Climate change, population growth, land and water scarcity and a lack of advanced technology are major challenges for agriculture in Bangladesh, said Agriculture Minister Abdur Razzaque on Wednesday.
He has also identified backwardness in agricultural processing, weak market linkages, and shortage of farmworkers as other crucial areas which need to be addressed for the advancement of the sector which plays an important role in the country’s overall economic development.
“Climate change threatens our food systems,” the minister said at the opening session of the Consultative Group for International Agricultural Research (CGIAR)-Bangladesh Research Portfolio Introduction and Partnership Dialogue at a hotel in the capital.
“Bangladesh is a climate-vulnerable country. Rising sea levels, saltwater intrusion, rising temperatures, rainfall variability, and extreme weather events are expected to harm our country in the next decades. Each of these factors will negatively impact our food systems,” he added.
Abdur Razzaque said the Covid-19 pandemic has exacerbated the challenges.
He said the pandemic is a big challenge for all countries. It has affected the life, livelihood and agriculture of Bangladesh. It has pushed at least 2.5 crore people below the poverty line in Bangladesh.
“However, to deal with this impact in agriculture, various steps are taken such as mechanisation, transportation of agricultural workers, online marketing facilities, implementation of stimulus packages,” he added.
At the function, Fisheries and Livestock Minister SM Rezaul Karim called upon all concerned to work tirelessly on the basis of partnership in all sectors including agriculture, fisheries and livestock to face the challenge of food security.
He said global poverty and hunger are increasing due to scarcity of natural resources, climate change and conflict in some parts of the world. Many countries around the world are facing food insecurity.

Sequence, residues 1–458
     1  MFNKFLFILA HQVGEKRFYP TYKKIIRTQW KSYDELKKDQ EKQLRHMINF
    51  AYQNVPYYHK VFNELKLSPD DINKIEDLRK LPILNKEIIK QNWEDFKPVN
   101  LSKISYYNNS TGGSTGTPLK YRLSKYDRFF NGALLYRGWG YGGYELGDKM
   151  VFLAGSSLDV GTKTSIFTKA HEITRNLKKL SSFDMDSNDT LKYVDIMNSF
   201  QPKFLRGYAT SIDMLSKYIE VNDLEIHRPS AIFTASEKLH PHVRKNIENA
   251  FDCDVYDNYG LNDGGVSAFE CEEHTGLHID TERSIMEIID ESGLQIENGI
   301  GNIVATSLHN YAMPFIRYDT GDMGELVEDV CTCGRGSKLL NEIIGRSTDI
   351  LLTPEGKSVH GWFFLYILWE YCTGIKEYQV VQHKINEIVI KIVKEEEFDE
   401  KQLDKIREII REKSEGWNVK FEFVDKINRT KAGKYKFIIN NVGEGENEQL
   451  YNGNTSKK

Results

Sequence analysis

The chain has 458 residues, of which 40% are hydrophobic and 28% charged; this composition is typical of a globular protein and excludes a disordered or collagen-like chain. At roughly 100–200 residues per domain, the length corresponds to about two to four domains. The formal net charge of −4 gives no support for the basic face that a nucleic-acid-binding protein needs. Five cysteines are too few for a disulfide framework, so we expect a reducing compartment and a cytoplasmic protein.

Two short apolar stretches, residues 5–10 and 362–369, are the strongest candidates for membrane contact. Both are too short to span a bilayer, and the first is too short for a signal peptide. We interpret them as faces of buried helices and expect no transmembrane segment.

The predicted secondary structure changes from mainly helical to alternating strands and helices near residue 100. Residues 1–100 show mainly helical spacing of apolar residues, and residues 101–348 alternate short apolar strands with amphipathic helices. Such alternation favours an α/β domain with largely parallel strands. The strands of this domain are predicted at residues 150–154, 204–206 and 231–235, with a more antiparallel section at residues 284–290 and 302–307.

“Food prices have also gone up due to problems in supply chains. In this situation, the government, private sector, producers and consumers have to take responsibility to ensure food safety,” he added.
SM Rezaul Karim said, in transition from this situation, institutional cooperation should be strengthened for the exchange of knowledge and experience related to agricultural research and development.
“We have to identify challenges and devise a holistic approach to solving them. CGIAR’s partnership dialogue will create new steps in global food production,” he added.
CGIAR launches research portfolio in Bangladesh
CGIAR, in collaboration with the Bangladesh government, has launched its research portfolio of advanced scientific innovations to help unlock the potential of the country’s agri-food system, said a press release.
It introduced a total of 12 multi-disciplinary initiatives under the research portfolio, such as “Transforming Agri-food Systems”, “Resilient Cities” and “Sustainable Intensification of Mixed Farming Systems”.
“Today’s meeting has been highly constructive. It has taken our collaboration to the next level so that we can meet the increasingly complex environmental and nutrition challenges that Bangladesh is facing,” CGIAR Regional Director for South Asia Temina Lalani-Shariff said at the launching event.
“I would like to warmly thank our partners in Bangladesh and South Asia,” she added.
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